TOM PARKER AD: “Some people believe in assembly line justice, turning out one case after another without looking deeply at the Constitution, but not Justice Tom Parker.

“Tom Parker not only stands up for what we believe, Parker respects the Constitution and fights for it every single day.

“There’s lots of competing interests before the court, but there’s only one independent justice on our side, Tom Parker.

“Justice Tom Parker — fair and balanced, putting taxpayers first.”

— Parker for Justice. []

MAC PARSONS AD: “Remember Tom Parker?

“He’s the Supreme Court justice who doesn’t pay his taxes. [Montgomery County probate records cited in extremely fine print.]

“Now get this, Tom Parker got a man of the year award from a group that wants to rewrite the Constitution and end a woman’s right to vote. That’s right; they’d end a woman’s right to vote.

“A Supreme Court justice who doesn’t pay his taxes and might end a woman’s right to vote.

“What else do you need to know about Tom Parker?”

— Mac Parsons Campaign []

TRACY W. CARY AD: “Mike Bolin took money linked to BP oil, the same oil company that’s destroying our Gulf Coast. Why does it matter? Because after Bolin took money linked to Exxon, he allowed the oil giant to cheat Alabama taxpayers.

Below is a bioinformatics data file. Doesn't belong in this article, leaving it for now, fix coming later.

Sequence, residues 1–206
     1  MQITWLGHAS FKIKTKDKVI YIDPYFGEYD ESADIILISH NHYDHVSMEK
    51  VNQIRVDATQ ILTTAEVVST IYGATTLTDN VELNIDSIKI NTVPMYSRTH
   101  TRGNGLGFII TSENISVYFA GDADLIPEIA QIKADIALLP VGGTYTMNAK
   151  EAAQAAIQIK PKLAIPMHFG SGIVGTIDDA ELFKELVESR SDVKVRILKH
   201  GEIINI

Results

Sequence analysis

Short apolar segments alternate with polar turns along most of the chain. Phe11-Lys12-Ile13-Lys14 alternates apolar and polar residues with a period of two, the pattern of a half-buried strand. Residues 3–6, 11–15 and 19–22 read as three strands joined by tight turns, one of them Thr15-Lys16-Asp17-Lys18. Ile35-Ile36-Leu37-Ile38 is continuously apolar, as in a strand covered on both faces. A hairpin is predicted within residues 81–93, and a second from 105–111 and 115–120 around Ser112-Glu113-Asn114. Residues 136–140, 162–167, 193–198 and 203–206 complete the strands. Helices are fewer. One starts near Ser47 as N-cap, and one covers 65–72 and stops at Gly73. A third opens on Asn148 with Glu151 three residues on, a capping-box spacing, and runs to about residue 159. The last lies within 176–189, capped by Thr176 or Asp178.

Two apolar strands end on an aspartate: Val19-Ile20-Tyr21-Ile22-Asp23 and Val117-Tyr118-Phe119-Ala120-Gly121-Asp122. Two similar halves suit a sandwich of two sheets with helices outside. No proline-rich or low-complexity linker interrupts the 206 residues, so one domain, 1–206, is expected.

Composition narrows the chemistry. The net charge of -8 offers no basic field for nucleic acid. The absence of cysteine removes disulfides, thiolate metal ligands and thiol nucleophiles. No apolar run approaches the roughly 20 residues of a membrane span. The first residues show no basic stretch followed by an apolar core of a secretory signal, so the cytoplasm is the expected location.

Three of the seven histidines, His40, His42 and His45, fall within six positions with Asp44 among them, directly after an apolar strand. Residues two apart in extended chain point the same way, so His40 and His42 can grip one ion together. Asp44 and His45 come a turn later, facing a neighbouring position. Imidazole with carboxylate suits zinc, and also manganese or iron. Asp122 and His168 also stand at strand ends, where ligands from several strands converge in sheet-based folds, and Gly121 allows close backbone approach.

“Liberal Bolin is just as soft on criminals. Last month he reversed the murder conviction of a robber who killed a handicapped man. That’s liberal judge Bolin; he sides with oil companies and he’s soft on crime.”

— The Committee To Elect Tracy W. Cary [ (starts at 1:15 mark)]

KELLI WISE AD: [Opens with video of young girl saying nighttime prayers] “Now I lay me down to sleep.”

[Candidate speaking directly to the camera] “The law is supposed to be fair, to protect us from injustice.”

[Girl] “I pray the Lord my soul to keep.”

[Candidate] “As a judge, it’s my job to make sure it does.”

[Girl] “Angels watch me through the night.”

[Candidate] “I’m Judge Kelli Wise. In over 20,000 cases, I’ve followed the law, my faith and our Alabama values to do what’s right.”

[Girl] “And wake me with the morning light.”

[Candidate] “So everyone in Alabama sleeps safe.”

[Announcer] “Judge Kelli Wise for Alabama Supreme Court.”

— Friends of Judge Kelli Wise []

It seems candidates for Alabama’s highest court face a quandary. Successful campaigns depend on TV commercials that appeal to pure emotion, the very thing judges should be above when rendering justice. At the same time, the winners must abide by a code of ethics that rightly demands “high standards of conduct so that the integrity and independence of the judiciary may be preserved.”

Doing both is a lot to ask of state Supreme Court justices.

Bob Davis is editor of The Anniston Star. Contact him at 256-235-3540 or Follow him on Twitter at: